AstraZeneca, after years of delays and spiraling costs, opens Cambridge R&D site. Will the bet pay off?

Five years late and 200% over budget, AstraZeneca has finally formally unveiled the Cambridge, U.K., site that is at the heart of its R&D strategy.  

AstraZeneca revealed plans to move from Alderley Park to Cambridge in 2013. At that time, the plan was to spend 330 million pounds ($440 million) on the new facility and relocate 2,000 staff to it by 2016. In reality, AstraZeneca spent around 1 billion pounds on the facility and took until 2021 to get the Cambridge site ready.

Waves of delays and overspend rolled in as the project progressed, with the forecast budget climbing to 500 million pounds, 750 million pounds and finally 1 billion pounds across a series of annual updates. AstraZeneca blamed the spiraling cost on the complexity of the build, inflation—including the impact of Brexit on the pound—and increased investment in new technologies and equipment such as genomics tools. 

The question now is whether the end result will justify the investment and upheaval. Pascal Soriot has high hopes for the facility, which is one of three centers that now form the backbone of R&D at AstraZeneca.

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“Our new Discovery Centre in Cambridge raises the bar for sustainable R&D and global collaboration across our industry. It will allow us to break new boundaries in the understanding of disease biology, bring life-changing medicines to patients and power the next stage of our company’s growth,” the AstraZeneca CEO said in a statement.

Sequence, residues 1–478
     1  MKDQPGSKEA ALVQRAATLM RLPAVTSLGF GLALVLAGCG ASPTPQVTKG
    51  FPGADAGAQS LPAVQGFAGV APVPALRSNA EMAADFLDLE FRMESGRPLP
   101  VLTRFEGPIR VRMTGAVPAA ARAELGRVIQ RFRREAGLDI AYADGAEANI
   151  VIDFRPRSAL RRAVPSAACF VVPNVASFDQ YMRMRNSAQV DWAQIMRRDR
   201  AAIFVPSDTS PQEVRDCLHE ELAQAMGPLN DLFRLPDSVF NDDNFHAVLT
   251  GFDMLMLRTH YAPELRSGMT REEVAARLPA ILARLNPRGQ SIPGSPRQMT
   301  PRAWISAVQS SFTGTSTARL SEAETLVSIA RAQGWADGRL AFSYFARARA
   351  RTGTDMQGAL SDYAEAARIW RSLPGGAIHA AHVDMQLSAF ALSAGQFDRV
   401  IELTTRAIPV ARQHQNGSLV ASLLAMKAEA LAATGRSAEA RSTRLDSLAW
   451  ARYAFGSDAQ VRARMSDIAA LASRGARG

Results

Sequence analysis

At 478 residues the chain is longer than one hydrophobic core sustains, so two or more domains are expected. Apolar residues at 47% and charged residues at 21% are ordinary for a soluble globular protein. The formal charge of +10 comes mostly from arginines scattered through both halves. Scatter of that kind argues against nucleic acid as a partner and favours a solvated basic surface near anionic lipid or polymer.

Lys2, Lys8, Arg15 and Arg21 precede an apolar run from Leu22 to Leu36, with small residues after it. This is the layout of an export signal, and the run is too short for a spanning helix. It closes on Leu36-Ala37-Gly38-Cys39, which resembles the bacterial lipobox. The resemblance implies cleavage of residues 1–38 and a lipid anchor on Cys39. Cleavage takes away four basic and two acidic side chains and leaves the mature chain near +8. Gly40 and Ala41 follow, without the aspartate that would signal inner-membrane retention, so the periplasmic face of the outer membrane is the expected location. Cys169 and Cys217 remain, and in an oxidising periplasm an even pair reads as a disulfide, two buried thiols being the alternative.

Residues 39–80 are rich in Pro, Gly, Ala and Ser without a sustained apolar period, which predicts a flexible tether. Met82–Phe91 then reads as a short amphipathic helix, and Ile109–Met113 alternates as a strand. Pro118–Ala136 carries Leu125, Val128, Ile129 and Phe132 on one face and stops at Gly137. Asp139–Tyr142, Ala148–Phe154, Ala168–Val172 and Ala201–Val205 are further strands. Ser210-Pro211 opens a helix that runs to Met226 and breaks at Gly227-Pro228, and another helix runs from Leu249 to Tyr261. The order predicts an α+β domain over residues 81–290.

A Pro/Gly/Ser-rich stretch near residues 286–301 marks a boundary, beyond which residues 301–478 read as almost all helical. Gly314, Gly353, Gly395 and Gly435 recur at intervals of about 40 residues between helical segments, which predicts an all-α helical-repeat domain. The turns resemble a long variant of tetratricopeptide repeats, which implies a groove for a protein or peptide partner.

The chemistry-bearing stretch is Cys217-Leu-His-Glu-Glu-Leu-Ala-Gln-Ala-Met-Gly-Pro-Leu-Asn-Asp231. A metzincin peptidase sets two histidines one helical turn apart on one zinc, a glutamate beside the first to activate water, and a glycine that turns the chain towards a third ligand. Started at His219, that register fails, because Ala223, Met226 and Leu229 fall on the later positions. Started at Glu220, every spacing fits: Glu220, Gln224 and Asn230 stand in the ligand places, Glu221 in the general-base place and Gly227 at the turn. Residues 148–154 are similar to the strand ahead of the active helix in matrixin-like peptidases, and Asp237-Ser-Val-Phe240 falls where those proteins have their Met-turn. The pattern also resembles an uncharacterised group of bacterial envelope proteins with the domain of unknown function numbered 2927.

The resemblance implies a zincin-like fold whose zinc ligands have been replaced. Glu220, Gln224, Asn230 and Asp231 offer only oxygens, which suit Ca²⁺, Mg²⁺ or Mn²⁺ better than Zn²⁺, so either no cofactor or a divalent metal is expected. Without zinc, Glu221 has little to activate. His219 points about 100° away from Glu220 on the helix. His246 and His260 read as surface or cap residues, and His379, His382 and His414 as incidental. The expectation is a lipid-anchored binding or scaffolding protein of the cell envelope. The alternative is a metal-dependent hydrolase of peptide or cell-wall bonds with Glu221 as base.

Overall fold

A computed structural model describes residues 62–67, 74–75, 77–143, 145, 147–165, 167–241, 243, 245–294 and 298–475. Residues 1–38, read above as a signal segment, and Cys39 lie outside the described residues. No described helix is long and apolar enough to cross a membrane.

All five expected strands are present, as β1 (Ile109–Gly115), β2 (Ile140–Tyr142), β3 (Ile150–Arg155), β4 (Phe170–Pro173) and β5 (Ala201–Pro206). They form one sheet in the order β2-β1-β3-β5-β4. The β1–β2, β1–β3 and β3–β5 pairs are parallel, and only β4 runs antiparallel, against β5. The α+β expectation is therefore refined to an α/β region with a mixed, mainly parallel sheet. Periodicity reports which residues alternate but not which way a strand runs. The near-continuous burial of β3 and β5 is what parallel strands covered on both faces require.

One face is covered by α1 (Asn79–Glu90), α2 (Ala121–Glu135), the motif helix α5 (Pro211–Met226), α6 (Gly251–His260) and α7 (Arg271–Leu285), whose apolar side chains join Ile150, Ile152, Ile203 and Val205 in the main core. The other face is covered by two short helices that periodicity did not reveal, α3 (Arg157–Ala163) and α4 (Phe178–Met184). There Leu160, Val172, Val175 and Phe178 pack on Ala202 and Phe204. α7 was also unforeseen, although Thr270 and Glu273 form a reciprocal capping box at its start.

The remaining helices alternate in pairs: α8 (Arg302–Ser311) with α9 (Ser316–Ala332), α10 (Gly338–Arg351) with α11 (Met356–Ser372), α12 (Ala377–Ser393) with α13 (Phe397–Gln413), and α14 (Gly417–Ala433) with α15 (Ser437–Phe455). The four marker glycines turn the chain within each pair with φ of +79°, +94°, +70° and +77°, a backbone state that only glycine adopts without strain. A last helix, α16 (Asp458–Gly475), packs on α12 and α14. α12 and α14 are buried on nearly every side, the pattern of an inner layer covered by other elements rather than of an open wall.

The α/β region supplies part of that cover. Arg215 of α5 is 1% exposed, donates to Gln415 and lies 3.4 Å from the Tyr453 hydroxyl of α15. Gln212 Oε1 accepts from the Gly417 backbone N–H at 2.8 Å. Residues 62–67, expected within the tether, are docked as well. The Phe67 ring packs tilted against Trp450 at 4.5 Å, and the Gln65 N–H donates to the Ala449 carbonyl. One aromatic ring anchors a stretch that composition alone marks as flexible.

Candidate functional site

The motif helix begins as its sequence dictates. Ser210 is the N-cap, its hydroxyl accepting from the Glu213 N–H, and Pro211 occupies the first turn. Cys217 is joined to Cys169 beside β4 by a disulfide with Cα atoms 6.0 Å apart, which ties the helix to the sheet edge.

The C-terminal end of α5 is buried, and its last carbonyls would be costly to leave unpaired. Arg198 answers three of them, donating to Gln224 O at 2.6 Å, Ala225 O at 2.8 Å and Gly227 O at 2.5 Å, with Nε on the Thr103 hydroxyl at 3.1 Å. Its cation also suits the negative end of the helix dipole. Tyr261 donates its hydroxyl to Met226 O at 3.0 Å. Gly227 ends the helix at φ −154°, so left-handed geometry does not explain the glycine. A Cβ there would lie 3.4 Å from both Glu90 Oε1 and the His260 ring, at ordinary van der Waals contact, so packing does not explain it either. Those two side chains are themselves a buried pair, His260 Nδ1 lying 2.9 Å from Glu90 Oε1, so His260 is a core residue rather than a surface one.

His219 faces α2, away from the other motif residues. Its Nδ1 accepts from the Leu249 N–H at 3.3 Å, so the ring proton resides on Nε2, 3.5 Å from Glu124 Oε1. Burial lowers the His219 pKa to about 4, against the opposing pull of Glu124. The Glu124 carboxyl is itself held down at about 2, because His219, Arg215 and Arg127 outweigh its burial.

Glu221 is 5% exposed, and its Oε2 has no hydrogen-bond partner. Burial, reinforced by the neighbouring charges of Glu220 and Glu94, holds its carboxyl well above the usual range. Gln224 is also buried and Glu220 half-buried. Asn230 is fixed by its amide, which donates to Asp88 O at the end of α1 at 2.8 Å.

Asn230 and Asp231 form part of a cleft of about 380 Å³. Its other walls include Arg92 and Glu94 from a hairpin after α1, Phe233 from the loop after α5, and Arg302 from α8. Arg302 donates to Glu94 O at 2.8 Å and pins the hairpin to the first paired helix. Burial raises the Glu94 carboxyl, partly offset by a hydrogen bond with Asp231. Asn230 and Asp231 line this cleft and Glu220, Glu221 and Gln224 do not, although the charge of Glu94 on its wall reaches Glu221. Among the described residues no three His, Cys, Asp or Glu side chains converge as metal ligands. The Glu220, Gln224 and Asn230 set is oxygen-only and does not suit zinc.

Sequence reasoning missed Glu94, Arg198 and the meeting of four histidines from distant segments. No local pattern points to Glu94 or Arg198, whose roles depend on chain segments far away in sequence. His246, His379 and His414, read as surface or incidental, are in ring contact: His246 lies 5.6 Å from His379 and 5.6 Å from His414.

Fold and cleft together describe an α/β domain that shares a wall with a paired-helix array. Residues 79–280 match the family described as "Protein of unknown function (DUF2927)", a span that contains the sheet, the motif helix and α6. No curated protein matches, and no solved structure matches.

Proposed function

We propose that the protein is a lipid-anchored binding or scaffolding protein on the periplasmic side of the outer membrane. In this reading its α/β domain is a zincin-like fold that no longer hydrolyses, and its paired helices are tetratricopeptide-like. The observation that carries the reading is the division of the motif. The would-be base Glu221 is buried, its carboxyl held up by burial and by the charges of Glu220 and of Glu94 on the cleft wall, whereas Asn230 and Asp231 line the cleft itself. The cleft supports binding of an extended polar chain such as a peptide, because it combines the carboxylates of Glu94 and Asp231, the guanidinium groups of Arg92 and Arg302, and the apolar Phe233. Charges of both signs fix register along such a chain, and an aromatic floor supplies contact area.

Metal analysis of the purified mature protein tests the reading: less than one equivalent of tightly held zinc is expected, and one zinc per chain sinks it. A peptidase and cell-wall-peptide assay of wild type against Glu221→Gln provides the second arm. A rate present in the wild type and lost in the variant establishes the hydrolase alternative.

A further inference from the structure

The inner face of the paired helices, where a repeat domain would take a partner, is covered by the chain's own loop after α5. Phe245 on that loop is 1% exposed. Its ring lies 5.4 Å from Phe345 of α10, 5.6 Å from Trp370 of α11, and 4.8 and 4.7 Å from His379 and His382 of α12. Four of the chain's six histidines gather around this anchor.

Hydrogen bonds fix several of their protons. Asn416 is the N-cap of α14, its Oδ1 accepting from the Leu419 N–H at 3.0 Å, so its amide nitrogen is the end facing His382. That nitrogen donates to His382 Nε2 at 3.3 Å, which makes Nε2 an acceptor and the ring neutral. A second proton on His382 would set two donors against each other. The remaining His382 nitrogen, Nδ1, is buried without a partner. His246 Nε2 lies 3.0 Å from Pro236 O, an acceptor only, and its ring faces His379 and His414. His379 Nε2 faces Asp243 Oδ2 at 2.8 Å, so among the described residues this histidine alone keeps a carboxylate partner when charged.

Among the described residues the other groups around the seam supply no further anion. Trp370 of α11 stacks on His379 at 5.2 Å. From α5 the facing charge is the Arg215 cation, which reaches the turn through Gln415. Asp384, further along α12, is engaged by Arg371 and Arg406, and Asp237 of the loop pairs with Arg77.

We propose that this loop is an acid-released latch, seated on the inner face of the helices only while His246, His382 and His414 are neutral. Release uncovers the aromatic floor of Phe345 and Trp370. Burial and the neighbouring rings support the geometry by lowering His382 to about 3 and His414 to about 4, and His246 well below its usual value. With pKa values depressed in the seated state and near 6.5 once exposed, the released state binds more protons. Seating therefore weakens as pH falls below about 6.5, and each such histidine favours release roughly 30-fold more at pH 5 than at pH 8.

Soriot’s comments touch on two key features of the facility. AstraZeneca made the 125-mile move from the semirural Alderley Park to U.K. life science hot spot Cambridge to get closer to the people who are doing cutting-edge research outside of its walls. In disclosing the opening of the new facility, AstraZeneca talked up the proximity of the 19,000-square-meter laboratories to leading hospitals, the University of Cambridge, other research institutions and a number of biotech companies. 

AstraZeneca, like many of its peers, is betting that moving from the sort of out-of-town campus that was once in fashion in pharma to the heart of the life science research scene will benefit its pipeline. The Anglo-Swedish drugmaker has sought to maximize the impact of the location by having open spaces for collaboration at the new facility. 

The other key feature addressed by Soriot is the sustainability of the building. AstraZeneca said “the disc-like structure is a feat of environmental engineering equipped with 174 boreholes to provide natural geothermal energy; four ‘hybrid cooling towers’ and a ground source heat pump that will save enough energy to power 2,500 homes.”